For two centuries, Pittsburgh made its name as a hub of heavy industry. Workers toiled in the city’s steel mills and miners in western Pennsylvania helped power America with coal mined from the “Pittsburgh coal bed,” the thickest and most extensive coal bed in the Appalachian Basin.12 However, as the region’s extractive and manufacturing industries steadily decline, and mines continue to close,13 affected communities are increasingly being left on their own, without jobs or opportunities. Further exacerbating the problem, the Trump administration’s proposed budget would eliminate funding for the Appalachian Regional Commission, a federal economic development agency designed to lift up these affected regions by providing retraining and other assistance.14
In stark contrast, the Pittsburgh region has been evolving from a center for manufacturing into a multi-industry hub for education, healthcare, technology, and sustainable development, creating new opportunities for workers and becoming the second-ranked large metro center for upward mobility. Renewable energy and energy efficiency have played a central role in this transition and today, statewide the sector now employs some 70,000 workers – more than coal, oil, and natural gas sectors combined.15 Plus, these jobs are growing at time when Allegheny County leads the state in clean energy jobs.16
The challenge for policymakers and activists alike is to ensure these same opportunities reach communities in the Keystone State where mining and resource extraction are not only bedrocks of the regional economy, but have supported generations and become central to local culture. Commitment to a just transition calls on activists to work for retraining programs that help workers develop highly-marketable skills and tap into the new sectors and industries in western Pennsylvania that continue to grow.
The Changing Climate
Annual precipitation has increased 10 percent in Pennsylvania over the past century, and is projected to continue to increase. The risk for extreme precipitation events and flooding will also increase,17 exacerbating the already dangerous and deadly episodes of flash floods that have hit western Pennsylvania.18
The number of days above 90 degrees Fahrenheit each year may increase from nearly a dozen now to over 30 days by 2050 – and over 70 days by the end of the century.19 Vulnerable communities, particularly those in urban areas, are likely to become increasingly impacted by excessive heat and decreased air quality as a result of warming.20 Water quality may be negatively impacted by increased runoff and increased risk of harmful algae blooms.21
The climate crisis is producing changes in the spread of vector diseases. For instance, the tick that carries Lyme disease is now found in every Pennsylvania county. There was a 25 percent increase in reported Lyme disease cases in 2014. Climate change is increasing the tick’s range and also the length of time (on a yearly basis) in which the tick feeds.22
Pennsylvania’s agriculture, including the dairy industry, is expected to be impacted by increased heat stress.23 Forests are the dominant land use in Pennsylvania. Climate change is expected to result in changes in suitable habitat for species. Those where Pennsylvania is currently at the southern extent of their suitable habitat will likely become increasingly stressed. A higher proportion of precipitation is expected to fall as rain as opposed to snow. This will have significant impacts on winter recreation such as downhill ski and snowboard resorts.24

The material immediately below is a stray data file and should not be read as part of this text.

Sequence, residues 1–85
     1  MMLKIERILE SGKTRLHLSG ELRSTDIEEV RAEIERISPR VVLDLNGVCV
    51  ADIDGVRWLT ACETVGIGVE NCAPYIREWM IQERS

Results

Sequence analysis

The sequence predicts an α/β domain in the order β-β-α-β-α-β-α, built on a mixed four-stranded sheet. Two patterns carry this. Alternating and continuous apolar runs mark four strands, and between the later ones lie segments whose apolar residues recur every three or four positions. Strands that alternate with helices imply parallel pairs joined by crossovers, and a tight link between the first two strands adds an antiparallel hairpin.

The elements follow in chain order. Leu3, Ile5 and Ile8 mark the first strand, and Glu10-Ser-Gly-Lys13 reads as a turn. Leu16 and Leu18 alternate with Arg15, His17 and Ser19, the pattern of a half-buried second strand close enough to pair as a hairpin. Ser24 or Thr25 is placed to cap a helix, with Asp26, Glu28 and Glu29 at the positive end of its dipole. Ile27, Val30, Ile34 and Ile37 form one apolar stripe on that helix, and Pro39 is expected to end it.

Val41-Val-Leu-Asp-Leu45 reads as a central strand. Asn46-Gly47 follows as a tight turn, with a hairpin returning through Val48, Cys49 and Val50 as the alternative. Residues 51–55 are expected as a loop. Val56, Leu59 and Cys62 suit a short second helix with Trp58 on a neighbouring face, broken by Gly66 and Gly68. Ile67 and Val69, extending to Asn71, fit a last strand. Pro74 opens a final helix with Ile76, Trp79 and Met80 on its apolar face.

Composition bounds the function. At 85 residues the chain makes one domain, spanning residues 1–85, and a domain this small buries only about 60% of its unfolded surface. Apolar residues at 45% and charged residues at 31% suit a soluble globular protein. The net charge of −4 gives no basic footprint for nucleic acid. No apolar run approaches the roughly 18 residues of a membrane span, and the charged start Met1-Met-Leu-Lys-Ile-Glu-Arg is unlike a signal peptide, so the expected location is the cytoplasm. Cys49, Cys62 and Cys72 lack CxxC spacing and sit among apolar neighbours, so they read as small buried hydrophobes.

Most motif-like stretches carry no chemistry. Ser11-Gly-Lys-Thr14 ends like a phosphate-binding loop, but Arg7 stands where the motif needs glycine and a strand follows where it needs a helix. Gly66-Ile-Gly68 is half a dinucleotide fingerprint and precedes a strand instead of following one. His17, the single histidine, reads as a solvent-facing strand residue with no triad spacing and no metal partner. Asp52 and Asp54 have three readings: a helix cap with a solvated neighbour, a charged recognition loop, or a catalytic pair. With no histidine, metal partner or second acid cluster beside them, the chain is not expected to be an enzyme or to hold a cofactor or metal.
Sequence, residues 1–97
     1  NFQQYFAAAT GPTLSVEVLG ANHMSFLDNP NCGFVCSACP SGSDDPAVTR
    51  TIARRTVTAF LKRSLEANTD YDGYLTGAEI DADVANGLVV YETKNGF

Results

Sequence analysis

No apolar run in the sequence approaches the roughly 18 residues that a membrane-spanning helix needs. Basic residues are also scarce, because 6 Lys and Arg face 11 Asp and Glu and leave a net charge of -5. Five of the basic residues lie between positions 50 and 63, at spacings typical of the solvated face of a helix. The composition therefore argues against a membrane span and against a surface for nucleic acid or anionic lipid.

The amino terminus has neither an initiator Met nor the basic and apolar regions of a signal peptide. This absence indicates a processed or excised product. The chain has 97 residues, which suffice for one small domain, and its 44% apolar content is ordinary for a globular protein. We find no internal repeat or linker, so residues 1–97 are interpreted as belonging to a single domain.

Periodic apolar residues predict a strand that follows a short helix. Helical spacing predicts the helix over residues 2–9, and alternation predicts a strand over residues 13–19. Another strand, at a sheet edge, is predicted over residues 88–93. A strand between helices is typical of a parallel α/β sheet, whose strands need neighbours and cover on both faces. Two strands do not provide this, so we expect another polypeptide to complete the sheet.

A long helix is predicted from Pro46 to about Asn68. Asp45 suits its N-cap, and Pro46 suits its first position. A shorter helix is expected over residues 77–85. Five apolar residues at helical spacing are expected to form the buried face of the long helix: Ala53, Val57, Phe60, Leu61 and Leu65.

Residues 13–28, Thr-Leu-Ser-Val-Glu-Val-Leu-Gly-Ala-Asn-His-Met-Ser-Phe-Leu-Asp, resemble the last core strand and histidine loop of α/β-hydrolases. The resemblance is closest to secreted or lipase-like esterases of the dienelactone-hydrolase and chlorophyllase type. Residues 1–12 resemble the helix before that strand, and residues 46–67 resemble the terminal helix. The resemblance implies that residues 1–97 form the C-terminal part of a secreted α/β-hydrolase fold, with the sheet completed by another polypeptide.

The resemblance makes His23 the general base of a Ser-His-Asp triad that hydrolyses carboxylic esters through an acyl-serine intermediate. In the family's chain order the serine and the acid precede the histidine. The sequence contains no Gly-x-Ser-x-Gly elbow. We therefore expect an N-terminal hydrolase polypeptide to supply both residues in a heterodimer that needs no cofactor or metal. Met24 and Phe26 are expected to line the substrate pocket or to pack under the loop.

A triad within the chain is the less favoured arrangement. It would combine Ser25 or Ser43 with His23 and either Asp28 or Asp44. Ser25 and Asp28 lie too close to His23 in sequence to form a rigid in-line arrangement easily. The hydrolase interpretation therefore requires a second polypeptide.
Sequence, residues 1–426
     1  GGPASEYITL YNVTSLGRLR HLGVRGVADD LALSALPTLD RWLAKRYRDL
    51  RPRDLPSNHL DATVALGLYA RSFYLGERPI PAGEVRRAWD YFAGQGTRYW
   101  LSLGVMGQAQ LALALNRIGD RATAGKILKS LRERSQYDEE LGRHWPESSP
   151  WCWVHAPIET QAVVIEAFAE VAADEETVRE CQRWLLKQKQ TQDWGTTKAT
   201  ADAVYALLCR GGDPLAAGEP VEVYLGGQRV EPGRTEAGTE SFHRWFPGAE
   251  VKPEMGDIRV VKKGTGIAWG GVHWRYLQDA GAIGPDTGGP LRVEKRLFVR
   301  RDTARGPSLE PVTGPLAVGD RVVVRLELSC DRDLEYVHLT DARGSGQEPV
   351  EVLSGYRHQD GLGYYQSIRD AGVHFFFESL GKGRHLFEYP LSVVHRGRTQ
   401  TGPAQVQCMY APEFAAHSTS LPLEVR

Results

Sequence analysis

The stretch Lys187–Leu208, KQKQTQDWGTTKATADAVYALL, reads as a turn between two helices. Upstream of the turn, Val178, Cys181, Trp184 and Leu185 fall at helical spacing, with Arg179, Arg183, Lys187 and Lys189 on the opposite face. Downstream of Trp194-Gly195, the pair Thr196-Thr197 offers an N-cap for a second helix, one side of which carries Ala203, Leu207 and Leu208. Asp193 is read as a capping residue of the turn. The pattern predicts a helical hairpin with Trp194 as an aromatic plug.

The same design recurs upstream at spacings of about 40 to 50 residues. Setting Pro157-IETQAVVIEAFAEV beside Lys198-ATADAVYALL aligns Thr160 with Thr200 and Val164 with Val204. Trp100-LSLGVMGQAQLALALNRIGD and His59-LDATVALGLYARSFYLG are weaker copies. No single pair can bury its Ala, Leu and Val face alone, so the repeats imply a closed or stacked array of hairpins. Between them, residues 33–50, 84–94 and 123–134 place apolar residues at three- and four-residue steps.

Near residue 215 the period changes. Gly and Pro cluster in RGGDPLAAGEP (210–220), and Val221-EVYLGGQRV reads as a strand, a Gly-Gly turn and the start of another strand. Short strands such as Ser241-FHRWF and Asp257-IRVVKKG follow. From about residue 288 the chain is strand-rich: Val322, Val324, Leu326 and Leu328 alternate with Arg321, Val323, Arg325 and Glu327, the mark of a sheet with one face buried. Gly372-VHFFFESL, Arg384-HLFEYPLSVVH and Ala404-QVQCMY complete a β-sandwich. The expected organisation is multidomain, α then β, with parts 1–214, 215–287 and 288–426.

Sea level rise is expected to increase the risk of flooding in the Delaware Estuary which extends into Philadelphia. For instance, under a medium-range sea level rise scenario, flooding events (storm surge) in the estuary exceeding 4 feet (above high tide line) is more likely than not by 2040. 25
Looking Forward to a Clean Energy Future
This June, the president made one thing clear: the fate of climate action in the US lies not with the federal government, but with citizens and communities willing to stand up and fight for what they believe in. For the people we love and the planet we share, it’s time to fight like our world depends on it. Because it does. Join us in Pittsburgh and together, we’ll take the next step forward to a safe and sustainable future for our precious home.
Q. How do I apply to attend the upcoming Climate Reality Leadership Corps training?
A. Applications are now closed for the next training, taking place in the Philippines. Sign up for more information on future trainings.
Q. How can I stay updated on upcoming Climate Reality Leaderships Corps trainings?
A. If you are unable to join us in the Philippines, you can sign up here for email updates about additional future trainings as information becomes available.
Q. What language will the training be held in?
A. All sessions and materials will be given in English
Q. How much does a training cost?
A. There is no fee to attend the training, but you will need to pay for your own travel and lodging. Click here for some ideas and tips on how to fundraise for your trip. During the training, The Climate Reality Project will provide morning coffee, lunch, light snacks, and all training materials.
Q. Do you offer scholarships?
A. Climate Reality typically offers a merit-base scholarship to 2-5 individuals at a 750-person training. We encourage applicants to seek funding elsewhere whenever possible. Attendees in the past have found funding and sponsorship through other organizations, businesses, or community groups. Click here for additional ideas and tips on how to fundraise for your trip.